Tuesday, July 26, 2011

the story of us, chapter 12.

So, we were engaged! A fine evening, the 6 of April, 2007, had changed my life forever. The bus we took went through the night and got us to Rey's hometown around 9 am. We waited in the rain at the bus stop for Rey's brother to come pick us up. After running him back home, we turned around to go back to church. It was Easter weekend, and we wanted to catch the service.

We brushed our teeth out in the front parking lot, spitting into the gravel. We smoothed down our hair in the window, re-adjusted our travel-rumpled clothes and went into church. Of course, the church was packed, and the only seats open were all the way in the front...

Upon returning to Rey's house, we found his mom was very ill. She suffers from osteoporosis and it seems that perhaps the weather made her sick with horrible body aches. We ran her to the Red Cross in town and sat in the office for a couple hours. After getting her back home and making sure she was ok, Rey took me over to the deaf school so I could shower before the evening church service. Problem was, the shower didn't work. So, we boiled some huge pots of water on the cafeteria stoves and I took a tepid bucket bath.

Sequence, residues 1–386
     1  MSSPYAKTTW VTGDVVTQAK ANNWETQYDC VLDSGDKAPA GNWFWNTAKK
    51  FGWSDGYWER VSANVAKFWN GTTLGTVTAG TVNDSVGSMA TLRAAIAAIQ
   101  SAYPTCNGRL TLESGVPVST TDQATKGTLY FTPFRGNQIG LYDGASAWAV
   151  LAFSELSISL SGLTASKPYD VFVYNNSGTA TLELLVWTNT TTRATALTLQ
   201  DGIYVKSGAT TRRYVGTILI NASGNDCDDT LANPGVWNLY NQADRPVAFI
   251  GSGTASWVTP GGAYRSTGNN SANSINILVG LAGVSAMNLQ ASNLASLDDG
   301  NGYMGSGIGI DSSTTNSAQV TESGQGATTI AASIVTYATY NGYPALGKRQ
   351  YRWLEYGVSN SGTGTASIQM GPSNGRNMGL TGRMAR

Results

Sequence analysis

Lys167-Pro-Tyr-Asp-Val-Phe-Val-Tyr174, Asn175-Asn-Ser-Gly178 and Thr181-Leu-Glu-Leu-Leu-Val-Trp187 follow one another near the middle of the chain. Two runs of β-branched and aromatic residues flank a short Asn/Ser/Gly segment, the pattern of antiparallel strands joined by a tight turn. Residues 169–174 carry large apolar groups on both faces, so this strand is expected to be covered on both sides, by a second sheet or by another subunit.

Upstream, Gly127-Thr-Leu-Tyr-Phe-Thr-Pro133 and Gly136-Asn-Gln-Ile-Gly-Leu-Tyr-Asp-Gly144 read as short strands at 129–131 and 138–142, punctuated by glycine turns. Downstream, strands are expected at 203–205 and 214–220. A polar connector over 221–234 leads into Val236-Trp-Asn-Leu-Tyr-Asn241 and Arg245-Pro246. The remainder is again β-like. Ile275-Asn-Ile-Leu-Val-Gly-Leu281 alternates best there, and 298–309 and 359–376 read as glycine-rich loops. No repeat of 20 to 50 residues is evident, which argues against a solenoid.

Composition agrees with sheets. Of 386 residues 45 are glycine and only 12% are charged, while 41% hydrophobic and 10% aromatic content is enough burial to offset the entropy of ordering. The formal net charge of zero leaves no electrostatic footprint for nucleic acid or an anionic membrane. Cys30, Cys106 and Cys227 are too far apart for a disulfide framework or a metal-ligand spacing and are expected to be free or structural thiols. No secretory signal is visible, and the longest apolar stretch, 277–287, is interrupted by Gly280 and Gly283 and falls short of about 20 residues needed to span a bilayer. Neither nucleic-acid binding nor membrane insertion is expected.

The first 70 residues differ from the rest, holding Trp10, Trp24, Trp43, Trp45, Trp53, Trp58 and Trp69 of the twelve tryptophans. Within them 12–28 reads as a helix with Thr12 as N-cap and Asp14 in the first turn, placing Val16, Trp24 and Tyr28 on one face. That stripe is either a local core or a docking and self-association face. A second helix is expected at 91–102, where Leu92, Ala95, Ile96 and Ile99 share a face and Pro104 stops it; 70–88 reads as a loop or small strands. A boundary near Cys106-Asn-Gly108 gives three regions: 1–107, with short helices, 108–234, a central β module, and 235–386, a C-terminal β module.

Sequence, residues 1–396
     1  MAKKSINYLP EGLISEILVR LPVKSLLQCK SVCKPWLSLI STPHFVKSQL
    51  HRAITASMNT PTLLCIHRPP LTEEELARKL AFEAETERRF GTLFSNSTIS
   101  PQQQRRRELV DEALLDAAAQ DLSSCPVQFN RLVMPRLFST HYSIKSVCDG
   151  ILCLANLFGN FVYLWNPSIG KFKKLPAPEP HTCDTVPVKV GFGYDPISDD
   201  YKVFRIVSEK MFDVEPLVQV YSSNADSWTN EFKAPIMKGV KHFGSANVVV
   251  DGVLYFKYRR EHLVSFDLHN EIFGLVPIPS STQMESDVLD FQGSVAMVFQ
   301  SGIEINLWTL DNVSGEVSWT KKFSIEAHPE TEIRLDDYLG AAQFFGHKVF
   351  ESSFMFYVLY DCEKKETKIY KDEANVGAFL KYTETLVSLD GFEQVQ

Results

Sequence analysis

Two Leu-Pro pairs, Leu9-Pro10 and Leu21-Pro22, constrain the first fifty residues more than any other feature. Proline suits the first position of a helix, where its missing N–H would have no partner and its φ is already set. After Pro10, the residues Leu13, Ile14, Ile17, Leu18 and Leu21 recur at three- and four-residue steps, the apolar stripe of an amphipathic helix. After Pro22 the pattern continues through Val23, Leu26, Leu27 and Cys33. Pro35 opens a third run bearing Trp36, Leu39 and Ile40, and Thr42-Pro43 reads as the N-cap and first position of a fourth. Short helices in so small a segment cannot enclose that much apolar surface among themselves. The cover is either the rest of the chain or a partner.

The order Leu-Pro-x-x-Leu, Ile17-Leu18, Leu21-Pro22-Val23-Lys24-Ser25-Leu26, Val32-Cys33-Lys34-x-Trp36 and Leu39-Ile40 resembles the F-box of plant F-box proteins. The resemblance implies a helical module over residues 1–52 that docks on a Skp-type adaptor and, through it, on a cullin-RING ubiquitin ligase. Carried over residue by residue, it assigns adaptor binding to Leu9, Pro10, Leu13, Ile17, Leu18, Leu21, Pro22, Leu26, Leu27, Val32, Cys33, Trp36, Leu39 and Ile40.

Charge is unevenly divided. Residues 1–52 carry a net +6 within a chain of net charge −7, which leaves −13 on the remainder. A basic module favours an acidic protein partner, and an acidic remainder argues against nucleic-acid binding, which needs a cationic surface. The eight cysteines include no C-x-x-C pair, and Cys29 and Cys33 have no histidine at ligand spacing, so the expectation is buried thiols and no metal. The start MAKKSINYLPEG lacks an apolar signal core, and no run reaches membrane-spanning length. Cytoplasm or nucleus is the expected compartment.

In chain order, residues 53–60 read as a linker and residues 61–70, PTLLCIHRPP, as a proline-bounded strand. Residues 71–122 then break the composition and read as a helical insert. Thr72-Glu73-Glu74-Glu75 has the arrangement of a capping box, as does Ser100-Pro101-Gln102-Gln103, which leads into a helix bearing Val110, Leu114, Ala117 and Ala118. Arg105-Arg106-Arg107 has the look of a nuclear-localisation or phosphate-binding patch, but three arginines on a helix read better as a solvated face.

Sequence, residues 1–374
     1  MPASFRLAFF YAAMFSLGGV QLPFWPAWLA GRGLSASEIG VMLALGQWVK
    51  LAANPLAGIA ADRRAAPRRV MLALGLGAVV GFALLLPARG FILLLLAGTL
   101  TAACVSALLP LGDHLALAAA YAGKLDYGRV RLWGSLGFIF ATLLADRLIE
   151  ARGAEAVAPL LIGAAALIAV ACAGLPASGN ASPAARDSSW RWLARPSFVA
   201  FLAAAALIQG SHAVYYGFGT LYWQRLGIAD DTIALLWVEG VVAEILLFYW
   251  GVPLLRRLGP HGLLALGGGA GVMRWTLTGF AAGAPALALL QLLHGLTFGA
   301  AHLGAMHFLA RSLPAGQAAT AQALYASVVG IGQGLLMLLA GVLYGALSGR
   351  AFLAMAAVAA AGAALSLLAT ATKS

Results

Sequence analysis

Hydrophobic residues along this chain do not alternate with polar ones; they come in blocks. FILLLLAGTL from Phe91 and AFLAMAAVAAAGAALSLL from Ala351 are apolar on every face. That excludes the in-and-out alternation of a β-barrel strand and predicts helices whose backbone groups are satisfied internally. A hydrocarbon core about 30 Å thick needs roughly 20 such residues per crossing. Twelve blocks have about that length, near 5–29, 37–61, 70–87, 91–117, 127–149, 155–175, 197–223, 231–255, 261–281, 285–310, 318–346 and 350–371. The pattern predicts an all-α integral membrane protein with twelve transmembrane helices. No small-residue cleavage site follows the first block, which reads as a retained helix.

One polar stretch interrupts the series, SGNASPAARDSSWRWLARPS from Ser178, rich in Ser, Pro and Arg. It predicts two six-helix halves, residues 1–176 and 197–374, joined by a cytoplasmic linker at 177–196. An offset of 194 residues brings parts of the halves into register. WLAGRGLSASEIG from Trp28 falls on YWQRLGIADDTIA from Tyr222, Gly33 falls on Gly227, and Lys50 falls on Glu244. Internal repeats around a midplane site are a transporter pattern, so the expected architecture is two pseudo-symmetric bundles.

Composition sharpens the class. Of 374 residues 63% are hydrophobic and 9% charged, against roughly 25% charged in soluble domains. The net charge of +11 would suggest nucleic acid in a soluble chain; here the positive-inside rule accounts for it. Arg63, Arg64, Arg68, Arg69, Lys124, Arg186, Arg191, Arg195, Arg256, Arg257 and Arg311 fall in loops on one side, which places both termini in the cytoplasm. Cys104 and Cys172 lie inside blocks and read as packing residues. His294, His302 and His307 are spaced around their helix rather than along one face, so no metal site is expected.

Outside the deaf school: Post bucket bath, pre church

From the church service, Rey took me to the bus station. And here it was--goodbye again. One of the last, we hoped. I got onto a Greyhound bus departing around 9pm, hoping things would go better than on the way down. I was completly exhausted from all the travel and excitement of the last few days and fell asleep in probably 20 minutes.

I was awakened by a flashlight shining in my eyes, and a burly man shouting at me in Spanish. My groggy mind was not translating fast enough--and I realized I was in an empty bus. "Get out!" the man shouting, gesturing the way to the door with his flashlight. I looked out the window and saw a line of people snaking from the bus to a terminal. Oh! We were on the bridge. We had to get off for customs. I stumbled out and managed to find my suitcase to haul it through inspections.

It felt so cruel to have just slipped into blissful sleep and then be tossed back into line in a brightly lit office. After about 30 minutes, we were back on the bus and getting settled back in. I kept hoping that I would continue to experience good fortune and have an empty seat next to me. The luxury!

As I was just being lulled to sleep again by the rocking of the bus, we pulled into another blindingly bright terminal. A man jumped aboard and walked through the bus, counting empty seats. Uh-oh, I groaned.

Completing his count, he returned to the front of the bus and grabbed the microphone: "Ok, people. This bus is going to fill completely. Clear all the seats and make room." I wasn't the only one groaning.